I am not fond of vacuuming. To be honest, I hate vacuuming, and lately, in anticipation of showings of our house, I have needed to vacuum frequently. Also, dust and keep surfaces clear of clutter and do laundry daily and, and, and ...... Along with meditating and writing in my journal, my current morning routine with its list of home tending tasks to complete often seems to extend into the afternoon. I am more than willing to perform these tasks, for it is something I can do to welcome potential new owners to this home.
Even if this house weren't for sale, however, I would still greet the freshness of the morning by sweeping the front porch, for there is something so basic, almost old-fashioned about sweeping, especially a front porch.
I imagine myself as a housewife of the 30's or 40's or even 50's, wearing a housedress and full apron, standing outside the front door with broom in hand. I survey this world in front of me and wonder who will come up the walk and cross this threshold today. Sweeping is convivial, for unlike washing windows, it is interruptible and encourages pausing for a casual conversation with the neighbor pushing a stroller or walking a dog. I listen to the birds chitter chattering, hoping for a piece of discarded thread or a fragment of lint for a nest in process. I think ahead to the end of the day when my husband and I will have dinner on the porch, sharing our day's in's and out's and perhaps later will sit in quiet companionship reading until daylight disappears.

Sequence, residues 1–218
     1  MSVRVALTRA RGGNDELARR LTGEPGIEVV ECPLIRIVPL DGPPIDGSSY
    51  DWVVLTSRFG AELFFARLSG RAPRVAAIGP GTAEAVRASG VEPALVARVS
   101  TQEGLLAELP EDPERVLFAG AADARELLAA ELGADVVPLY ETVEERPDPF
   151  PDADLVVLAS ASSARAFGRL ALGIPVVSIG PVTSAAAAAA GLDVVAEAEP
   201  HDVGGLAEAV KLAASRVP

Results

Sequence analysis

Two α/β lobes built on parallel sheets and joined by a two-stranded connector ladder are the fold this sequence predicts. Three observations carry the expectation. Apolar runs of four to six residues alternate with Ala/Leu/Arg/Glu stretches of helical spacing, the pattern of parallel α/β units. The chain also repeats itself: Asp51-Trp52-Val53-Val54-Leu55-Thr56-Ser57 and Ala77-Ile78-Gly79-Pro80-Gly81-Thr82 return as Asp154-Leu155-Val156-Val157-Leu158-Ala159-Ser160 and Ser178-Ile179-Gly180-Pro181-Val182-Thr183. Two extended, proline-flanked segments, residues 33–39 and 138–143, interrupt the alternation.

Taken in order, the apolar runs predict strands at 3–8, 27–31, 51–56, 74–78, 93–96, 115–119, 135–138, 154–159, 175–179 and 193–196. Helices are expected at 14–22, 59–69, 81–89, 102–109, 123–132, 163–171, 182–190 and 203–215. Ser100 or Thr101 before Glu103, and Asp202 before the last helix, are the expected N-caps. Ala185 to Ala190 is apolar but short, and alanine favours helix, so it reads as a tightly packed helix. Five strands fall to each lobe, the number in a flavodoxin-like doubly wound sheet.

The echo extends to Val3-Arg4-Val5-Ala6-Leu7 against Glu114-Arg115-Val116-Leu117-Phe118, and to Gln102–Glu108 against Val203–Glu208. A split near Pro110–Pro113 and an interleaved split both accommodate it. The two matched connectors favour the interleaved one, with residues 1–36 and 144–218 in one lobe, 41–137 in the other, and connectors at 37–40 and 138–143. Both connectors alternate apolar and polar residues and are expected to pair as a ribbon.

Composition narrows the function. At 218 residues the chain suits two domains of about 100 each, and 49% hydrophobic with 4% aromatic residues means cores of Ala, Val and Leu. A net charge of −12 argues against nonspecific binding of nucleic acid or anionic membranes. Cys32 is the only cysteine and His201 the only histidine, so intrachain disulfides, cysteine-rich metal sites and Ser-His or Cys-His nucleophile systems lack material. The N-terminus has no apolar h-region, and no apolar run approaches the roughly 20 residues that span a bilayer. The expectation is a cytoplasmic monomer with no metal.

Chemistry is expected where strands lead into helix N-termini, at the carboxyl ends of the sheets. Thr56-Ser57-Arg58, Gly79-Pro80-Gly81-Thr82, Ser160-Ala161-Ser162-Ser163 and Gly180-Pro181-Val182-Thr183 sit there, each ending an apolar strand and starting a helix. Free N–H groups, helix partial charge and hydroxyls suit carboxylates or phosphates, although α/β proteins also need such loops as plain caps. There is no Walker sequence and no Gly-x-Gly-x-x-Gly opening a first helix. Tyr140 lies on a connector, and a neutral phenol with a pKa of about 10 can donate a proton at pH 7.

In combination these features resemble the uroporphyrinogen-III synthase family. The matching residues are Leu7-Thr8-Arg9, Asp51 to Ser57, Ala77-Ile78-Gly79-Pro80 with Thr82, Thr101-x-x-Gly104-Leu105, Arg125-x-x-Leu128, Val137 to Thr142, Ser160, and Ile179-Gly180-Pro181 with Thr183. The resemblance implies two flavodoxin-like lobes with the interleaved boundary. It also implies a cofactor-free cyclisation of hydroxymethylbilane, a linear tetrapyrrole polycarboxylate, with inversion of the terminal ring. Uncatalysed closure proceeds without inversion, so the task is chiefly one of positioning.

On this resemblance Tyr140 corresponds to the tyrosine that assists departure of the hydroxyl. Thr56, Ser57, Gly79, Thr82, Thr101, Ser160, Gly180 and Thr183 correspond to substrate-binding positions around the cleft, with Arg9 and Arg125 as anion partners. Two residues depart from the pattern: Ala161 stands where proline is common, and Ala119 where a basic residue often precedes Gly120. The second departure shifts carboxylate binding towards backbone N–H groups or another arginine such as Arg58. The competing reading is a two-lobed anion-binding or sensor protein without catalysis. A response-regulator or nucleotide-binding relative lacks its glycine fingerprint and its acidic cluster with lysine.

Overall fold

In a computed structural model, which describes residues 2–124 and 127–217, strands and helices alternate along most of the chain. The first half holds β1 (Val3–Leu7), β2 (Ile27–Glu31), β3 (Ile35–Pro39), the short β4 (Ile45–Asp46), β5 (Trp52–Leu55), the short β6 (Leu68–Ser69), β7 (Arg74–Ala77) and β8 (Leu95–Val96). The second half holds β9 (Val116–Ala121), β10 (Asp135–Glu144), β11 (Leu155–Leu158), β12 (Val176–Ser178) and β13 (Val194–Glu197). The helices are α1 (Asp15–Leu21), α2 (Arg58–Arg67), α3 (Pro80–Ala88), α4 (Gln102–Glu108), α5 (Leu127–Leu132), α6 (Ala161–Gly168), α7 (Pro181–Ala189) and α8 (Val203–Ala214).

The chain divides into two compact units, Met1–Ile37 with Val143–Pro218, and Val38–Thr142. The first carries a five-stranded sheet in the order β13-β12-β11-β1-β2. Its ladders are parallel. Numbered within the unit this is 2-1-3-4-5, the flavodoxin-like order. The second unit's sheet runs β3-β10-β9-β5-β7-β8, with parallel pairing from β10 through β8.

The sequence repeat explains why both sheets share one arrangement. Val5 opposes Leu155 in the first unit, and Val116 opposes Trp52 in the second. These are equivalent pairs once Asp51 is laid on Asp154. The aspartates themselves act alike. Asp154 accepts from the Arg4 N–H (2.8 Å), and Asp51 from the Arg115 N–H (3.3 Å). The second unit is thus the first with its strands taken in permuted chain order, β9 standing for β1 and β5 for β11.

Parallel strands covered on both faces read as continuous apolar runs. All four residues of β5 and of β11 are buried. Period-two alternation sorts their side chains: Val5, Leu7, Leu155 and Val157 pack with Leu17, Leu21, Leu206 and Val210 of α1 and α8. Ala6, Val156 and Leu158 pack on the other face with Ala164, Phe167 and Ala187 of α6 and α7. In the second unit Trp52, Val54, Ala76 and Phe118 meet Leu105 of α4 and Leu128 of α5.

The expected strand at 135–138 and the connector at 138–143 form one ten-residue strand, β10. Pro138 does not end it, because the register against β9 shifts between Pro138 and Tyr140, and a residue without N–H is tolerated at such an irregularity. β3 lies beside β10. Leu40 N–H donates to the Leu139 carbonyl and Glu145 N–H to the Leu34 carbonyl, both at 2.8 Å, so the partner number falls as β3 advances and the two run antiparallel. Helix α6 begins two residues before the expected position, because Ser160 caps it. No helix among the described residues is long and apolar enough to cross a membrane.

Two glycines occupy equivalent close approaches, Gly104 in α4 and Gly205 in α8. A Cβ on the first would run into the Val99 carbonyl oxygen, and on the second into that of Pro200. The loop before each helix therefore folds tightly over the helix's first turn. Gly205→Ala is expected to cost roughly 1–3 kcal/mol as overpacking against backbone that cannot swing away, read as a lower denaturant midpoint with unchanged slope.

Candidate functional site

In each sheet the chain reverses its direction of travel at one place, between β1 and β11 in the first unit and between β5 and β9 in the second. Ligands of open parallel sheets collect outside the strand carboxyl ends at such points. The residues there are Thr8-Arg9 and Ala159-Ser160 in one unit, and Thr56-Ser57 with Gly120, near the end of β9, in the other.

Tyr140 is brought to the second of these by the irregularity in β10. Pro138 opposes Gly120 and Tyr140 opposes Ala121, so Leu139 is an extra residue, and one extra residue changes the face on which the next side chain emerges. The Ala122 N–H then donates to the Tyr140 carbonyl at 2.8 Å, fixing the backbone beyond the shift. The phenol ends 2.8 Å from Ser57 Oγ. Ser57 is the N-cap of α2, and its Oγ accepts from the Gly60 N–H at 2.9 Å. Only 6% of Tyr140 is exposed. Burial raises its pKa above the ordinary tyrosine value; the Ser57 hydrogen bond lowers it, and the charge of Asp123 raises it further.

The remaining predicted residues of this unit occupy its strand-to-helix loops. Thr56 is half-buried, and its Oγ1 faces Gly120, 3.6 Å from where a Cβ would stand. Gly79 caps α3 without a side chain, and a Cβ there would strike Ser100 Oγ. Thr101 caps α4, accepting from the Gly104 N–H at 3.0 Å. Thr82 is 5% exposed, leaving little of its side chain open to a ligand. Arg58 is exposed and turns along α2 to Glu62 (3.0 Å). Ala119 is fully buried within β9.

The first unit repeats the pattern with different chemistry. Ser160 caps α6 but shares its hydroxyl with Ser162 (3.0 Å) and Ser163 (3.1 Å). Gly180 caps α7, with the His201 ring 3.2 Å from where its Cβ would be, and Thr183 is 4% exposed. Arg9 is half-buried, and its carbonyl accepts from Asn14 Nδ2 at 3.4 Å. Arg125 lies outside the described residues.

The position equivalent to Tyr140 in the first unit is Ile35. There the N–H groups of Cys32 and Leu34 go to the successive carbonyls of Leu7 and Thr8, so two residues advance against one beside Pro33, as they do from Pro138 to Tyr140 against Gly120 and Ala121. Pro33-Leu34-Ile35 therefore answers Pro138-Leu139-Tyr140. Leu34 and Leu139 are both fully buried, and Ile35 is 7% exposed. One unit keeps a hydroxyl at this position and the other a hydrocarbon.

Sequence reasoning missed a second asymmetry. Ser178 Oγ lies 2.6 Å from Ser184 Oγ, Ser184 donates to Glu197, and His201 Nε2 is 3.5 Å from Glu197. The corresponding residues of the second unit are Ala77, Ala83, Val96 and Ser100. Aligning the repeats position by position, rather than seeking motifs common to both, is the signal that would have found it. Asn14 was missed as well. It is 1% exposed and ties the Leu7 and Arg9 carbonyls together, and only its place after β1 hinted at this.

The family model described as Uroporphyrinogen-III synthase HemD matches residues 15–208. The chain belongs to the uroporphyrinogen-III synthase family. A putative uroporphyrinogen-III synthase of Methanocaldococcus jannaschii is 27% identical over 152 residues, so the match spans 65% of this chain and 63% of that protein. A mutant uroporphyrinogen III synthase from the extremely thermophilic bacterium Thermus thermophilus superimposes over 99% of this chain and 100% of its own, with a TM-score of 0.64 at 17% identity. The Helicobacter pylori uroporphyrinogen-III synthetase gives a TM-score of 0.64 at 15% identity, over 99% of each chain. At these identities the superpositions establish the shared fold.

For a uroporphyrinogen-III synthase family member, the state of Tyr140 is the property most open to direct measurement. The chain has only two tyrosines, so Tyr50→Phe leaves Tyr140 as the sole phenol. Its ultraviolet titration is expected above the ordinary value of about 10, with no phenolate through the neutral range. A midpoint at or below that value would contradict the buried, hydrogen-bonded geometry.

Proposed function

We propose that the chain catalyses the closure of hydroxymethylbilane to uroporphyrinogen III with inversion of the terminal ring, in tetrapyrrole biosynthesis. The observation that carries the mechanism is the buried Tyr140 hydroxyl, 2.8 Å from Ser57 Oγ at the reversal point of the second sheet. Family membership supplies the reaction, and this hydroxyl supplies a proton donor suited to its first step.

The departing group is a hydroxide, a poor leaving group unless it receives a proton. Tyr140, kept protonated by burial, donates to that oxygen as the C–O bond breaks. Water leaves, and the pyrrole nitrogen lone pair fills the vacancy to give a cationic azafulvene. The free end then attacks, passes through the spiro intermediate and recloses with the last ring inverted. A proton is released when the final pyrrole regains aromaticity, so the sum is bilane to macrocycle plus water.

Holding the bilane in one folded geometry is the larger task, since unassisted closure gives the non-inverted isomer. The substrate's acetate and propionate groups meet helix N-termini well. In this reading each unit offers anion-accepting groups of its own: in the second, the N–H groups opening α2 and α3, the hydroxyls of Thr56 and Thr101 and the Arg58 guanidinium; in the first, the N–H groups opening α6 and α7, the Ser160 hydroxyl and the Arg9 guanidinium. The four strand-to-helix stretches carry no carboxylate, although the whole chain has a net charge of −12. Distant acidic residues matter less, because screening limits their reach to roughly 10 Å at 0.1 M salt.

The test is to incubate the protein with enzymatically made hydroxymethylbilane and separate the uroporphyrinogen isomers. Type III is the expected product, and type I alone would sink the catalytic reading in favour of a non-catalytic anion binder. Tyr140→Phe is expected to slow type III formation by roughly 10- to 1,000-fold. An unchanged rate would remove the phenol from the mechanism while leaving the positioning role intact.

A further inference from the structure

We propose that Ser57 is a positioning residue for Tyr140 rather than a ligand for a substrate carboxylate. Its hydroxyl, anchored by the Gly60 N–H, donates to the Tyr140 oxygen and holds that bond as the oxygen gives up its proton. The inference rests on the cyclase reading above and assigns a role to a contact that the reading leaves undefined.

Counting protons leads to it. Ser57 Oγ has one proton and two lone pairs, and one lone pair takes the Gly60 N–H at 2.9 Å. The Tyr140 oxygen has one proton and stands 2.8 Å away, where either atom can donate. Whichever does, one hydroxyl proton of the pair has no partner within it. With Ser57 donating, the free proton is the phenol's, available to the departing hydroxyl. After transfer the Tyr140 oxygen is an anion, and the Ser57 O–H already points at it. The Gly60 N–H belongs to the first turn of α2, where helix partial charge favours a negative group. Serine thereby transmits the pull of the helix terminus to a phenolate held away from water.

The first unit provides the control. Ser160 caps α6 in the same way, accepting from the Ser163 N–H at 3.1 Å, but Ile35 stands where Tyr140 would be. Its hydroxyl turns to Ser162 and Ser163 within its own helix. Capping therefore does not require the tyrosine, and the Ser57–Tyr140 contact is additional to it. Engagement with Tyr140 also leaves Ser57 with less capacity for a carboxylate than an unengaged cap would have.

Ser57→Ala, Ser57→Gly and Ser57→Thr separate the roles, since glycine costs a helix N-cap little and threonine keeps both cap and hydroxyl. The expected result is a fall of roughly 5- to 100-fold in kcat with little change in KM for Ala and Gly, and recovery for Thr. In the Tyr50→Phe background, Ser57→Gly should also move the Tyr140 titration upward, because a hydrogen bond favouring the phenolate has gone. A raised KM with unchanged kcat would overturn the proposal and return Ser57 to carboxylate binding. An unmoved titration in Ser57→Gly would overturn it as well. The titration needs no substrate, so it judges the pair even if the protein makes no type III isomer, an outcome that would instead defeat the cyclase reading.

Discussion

I remember the front porch on the house where we raised our children. That front porch had a swing. The rhythm of the swing seemed to match the cadence of whatever I read to our young son. Our daughter and her boyfriend, now husband, posed for prom pictures while sitting on that swing. This porch should have a swing and a young family, too. Maybe it will someday.
I begin to sweep and sense how the sweeping signals moving on, not clinging to anything, except the present moment. Sweeping clears the space. Sweeping says, "This house is cared for." The Shakers believe that their daily work, even something as basic as sweeping the front porch, is a personal expression of worship. Gunilla Norris in her book of poetry, Being Home, says, "Prayer and housekeeping--they go together. They have always gone together. We simply know that our daily round is how we live. When we clean and order our homes, we are somehow also cleaning and ordering ourselves."
In cleaning and ordering ourselves, we become more open to the extraordinary in the ordinary and the grace of everyday life. Now, if I only felt this way about vacuuming!